How to Homeschool in the 21st Century (For All Types of Parents & Kids)

    How to Homeschool in the 21st Century (For All Types of Parents & Kids)

    In 2016, it was estimated that 1.7 million children were being homeschooled in the U.S, roughly 3.3% of all school-aged children.[1] Although this may not sound like a big portion of the population, the growth rate of homeschooling has been 7 to15% per year for the last two decades.

    The burgeoning numbers are not a coincidence. There are tremendous benefits to homeschooling, including one-on-one teaching, adaptability to individual needs and learning styles, a safe learning environment, encouraging learning for knowledge rather than grades, and tailoring a curriculum to the child’s interests.

    Is homeschooling something that you have been considering for your family? With all of the tools and resources available for homeschoolers in the 21st century, it may be easier than you think.

    How to Homeschool (Getting Started)

    After thinking it through, you’ve decided that homeschooling is the right step for you and your family. Now what? Here are the first things you should do to get your homeschooling journey started on the right track.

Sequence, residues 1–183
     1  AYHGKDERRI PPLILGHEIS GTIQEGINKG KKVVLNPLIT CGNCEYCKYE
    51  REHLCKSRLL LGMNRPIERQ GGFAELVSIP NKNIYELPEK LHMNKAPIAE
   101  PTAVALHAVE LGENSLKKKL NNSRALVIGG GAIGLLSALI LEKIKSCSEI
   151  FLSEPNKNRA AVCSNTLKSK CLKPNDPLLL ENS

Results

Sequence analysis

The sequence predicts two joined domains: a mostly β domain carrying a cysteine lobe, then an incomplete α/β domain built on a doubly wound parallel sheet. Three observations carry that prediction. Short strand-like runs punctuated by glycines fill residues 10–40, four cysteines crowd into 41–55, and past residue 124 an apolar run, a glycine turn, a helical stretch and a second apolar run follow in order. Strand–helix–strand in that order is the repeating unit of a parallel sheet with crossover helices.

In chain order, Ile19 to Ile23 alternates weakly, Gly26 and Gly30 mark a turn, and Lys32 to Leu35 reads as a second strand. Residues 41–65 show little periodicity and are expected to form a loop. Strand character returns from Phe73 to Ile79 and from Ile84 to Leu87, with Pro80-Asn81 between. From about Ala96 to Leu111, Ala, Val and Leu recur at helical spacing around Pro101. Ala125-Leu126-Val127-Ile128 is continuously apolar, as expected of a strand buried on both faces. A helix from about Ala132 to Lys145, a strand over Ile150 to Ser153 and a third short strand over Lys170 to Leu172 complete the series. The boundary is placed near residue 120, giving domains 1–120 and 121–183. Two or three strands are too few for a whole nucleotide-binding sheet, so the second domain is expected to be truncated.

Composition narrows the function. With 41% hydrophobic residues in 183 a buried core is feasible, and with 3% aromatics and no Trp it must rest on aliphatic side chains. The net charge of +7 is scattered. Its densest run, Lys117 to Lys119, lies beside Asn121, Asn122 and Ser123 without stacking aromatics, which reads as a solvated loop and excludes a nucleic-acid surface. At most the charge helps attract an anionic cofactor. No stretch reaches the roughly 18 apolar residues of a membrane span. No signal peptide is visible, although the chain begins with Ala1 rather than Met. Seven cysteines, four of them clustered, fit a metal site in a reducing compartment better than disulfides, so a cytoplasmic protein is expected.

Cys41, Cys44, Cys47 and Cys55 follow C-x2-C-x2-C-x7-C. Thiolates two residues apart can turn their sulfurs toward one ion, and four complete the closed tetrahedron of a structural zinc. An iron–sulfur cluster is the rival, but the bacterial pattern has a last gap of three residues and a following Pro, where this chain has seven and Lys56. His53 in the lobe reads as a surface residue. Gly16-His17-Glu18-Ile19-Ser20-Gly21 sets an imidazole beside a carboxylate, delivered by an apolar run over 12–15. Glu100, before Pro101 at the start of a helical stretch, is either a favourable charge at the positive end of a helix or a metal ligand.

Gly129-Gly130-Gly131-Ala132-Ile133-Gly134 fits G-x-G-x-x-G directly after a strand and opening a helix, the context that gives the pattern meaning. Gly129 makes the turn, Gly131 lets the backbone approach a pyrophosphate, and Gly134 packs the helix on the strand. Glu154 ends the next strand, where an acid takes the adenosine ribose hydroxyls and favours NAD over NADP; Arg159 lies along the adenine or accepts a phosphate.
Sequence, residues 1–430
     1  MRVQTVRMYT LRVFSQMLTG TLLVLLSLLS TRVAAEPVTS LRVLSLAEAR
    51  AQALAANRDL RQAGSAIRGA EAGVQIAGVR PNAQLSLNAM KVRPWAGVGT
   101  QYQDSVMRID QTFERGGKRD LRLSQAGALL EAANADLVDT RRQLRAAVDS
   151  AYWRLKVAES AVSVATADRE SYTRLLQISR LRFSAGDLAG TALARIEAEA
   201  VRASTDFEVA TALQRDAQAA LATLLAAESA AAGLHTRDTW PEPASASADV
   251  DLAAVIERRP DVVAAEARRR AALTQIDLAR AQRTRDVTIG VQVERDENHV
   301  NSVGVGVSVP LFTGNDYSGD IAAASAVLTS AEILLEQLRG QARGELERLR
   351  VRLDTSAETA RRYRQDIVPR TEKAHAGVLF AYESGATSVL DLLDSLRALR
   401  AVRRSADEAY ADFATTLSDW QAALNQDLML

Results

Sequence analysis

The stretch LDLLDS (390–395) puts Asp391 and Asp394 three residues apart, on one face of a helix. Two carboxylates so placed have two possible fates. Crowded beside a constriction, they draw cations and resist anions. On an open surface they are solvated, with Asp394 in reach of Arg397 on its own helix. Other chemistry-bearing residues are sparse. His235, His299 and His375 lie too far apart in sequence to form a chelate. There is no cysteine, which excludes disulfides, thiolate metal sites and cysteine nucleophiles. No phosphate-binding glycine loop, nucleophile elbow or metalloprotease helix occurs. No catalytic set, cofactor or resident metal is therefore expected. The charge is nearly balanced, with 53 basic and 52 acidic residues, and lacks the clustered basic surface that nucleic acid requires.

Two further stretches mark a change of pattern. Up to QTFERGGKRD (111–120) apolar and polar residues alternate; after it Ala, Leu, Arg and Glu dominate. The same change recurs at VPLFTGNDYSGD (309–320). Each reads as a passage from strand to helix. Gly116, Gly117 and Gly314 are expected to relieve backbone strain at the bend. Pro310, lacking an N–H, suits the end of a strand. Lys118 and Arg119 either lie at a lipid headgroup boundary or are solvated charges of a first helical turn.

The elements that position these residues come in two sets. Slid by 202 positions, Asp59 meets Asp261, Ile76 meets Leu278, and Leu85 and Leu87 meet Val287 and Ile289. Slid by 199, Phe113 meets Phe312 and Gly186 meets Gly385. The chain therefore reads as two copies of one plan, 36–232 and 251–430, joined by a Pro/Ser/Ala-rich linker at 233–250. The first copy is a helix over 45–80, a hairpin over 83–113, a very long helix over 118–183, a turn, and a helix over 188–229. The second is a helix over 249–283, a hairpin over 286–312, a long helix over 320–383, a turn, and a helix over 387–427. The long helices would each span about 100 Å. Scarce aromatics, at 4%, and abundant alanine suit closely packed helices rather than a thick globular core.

Figure Out the Laws

    Homeschooling is regulated by the state, not the federal government. The first step is to find the current and accurate legal requirements mandated by your state in order to educate your child legally.[2]

    The regulations can vary widely, from strict guidelines to no guidelines at all. However, don’t be overwhelmed by the legal jargon. There are many resources and local communities for homeschooling families that can help you figure out the logistics.

    Decide on an Approach

    Every child’s needs are different. This is your chance to choose the homeschooling style or combination of styles that best fits your child’s learning style and interests. A brief description of seven different homeschooling methods are listed below.

    Supplies/Resources

    Often times, purchasing a homeschooling curriculum is done too early in the planning process, resulting in buyer’s remorse.